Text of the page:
Vassalage seems really cool, but I'm also not sure how would you implement that in civ context, where you have very few players in the map, and enormous problems with exponential snowballing making catching up impossible. Vassalage only makes sense if you can figure out how
1) Make it useful to the domineering party (instead of conquest or peace)
2) Make it useful to the dominated party (instead of fight at all cost always being better option)
3) Make it capable for the vassalized player to be realistically able to sometimes break free and catch up
4) Make it interesting for third party diplomacy (support independence, secret talks, espionage etc)
 
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Zegangani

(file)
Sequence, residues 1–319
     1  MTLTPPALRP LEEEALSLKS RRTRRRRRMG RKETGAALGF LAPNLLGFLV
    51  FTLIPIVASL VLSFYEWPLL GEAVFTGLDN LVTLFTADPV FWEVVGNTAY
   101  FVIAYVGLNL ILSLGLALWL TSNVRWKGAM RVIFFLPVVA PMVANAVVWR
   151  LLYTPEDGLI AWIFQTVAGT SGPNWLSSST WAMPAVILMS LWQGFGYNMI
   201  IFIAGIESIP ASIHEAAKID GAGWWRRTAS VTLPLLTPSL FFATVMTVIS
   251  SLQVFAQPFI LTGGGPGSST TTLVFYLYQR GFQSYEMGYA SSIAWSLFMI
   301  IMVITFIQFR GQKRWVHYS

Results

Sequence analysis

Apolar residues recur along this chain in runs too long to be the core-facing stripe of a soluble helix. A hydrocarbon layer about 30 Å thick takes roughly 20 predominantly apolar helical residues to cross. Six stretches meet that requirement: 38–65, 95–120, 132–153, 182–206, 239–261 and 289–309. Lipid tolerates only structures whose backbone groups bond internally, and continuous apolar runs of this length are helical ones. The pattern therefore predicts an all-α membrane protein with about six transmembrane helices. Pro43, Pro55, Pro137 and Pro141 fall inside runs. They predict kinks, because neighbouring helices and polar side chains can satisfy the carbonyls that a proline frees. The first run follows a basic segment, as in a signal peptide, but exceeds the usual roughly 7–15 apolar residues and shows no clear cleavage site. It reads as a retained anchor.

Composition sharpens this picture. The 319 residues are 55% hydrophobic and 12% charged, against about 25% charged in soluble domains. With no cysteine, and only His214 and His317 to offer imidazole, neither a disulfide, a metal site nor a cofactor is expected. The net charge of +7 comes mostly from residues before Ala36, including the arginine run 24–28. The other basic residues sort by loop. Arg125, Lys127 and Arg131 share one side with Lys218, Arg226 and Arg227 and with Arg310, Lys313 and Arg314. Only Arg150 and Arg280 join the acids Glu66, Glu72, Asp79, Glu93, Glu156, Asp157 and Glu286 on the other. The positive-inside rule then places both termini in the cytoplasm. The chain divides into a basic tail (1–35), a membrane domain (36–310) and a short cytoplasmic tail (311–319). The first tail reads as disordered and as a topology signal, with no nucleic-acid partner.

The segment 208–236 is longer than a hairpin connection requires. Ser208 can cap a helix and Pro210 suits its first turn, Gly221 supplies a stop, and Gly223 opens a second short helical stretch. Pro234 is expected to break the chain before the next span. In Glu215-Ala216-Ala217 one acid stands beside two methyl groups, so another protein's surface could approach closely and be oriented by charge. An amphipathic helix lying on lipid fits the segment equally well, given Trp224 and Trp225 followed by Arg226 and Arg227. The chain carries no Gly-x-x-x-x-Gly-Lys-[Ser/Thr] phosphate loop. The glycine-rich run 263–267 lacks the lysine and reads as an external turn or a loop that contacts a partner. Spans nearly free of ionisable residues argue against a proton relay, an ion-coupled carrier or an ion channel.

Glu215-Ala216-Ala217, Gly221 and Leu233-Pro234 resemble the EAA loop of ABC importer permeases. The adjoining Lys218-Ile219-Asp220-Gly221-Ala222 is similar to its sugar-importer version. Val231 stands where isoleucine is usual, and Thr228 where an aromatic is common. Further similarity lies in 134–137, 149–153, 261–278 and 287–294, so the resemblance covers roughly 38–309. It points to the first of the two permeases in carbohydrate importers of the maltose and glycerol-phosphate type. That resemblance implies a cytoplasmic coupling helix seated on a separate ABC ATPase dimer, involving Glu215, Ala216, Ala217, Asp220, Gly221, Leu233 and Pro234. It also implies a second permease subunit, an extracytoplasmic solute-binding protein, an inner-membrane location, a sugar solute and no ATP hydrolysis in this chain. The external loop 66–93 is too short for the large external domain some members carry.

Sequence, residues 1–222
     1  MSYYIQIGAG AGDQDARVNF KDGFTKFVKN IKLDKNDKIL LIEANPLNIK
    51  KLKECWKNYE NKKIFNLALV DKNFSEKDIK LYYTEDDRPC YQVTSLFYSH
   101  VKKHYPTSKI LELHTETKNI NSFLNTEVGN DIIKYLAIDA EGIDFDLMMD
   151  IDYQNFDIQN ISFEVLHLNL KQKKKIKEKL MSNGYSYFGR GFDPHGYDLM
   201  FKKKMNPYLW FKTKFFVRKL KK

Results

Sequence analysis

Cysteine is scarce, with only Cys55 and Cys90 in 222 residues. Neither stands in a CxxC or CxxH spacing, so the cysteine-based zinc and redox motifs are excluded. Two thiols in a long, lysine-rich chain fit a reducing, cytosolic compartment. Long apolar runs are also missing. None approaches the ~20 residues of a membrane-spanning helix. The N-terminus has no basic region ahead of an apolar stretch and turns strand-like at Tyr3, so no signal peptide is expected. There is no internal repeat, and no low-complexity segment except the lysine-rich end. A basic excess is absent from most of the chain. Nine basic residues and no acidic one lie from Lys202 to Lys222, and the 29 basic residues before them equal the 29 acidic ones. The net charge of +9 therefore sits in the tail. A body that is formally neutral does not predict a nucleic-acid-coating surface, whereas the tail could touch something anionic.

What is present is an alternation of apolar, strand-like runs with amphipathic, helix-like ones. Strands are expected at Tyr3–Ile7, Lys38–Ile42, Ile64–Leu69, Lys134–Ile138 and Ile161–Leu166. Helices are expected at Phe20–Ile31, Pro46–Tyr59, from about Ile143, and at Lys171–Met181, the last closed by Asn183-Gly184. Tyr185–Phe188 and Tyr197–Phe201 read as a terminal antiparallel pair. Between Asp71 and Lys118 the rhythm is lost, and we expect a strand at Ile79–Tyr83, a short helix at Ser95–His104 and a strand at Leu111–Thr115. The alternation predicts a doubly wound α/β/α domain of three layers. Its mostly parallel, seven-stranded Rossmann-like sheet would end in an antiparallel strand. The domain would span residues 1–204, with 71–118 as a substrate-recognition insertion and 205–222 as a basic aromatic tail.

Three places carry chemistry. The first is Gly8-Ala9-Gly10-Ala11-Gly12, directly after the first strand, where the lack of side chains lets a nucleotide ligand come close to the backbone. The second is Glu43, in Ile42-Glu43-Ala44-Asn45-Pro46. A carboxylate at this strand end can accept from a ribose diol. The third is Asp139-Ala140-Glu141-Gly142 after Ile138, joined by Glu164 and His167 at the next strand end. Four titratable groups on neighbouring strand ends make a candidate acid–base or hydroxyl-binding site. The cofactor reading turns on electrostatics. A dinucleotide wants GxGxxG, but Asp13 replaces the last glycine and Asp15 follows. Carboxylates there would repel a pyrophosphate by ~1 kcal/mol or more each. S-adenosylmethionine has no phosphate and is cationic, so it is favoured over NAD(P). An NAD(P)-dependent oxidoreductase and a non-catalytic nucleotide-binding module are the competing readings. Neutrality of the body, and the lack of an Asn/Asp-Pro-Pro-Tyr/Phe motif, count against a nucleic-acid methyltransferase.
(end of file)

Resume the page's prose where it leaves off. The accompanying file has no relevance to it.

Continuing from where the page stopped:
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Vassalage seems really cool, but I'm also not sure how would you implement that in civ context, where you have very few players in the map, and enormous problems with exponential snowballing making catching up impossible. Vassalage only makes sense if you can figure out how
1) Make it useful to the domineering party (instead of conquest or peace)
2) Make it useful to the dominated party (instead of fight at all cost always being better option)
3) Make it capable for the vassalized player to be realistically able to sometimes break free and catch up
4) Make it interesting for third party diplomacy (support independence, secret talks, espionage etc)
I agree with all of that. I had been working on a Vassalage/Client States Mod since quite some Time, and I tried to incorporate all of those 4 "Ingredients", and some more. I don't know if I succeeded in that, only in some of it, or nothing at all, but for anyone interested, here is the link to the Concept if you want to leave some Feedback and Suggestions. Just bear in mind that that Concept is a bit outdated (so, I haven't updated it yet), and I changed some things since then (tweaks to Tributary States, a bit simplified Vassalage, and reworked Puppet-States), but the overall design is still the same.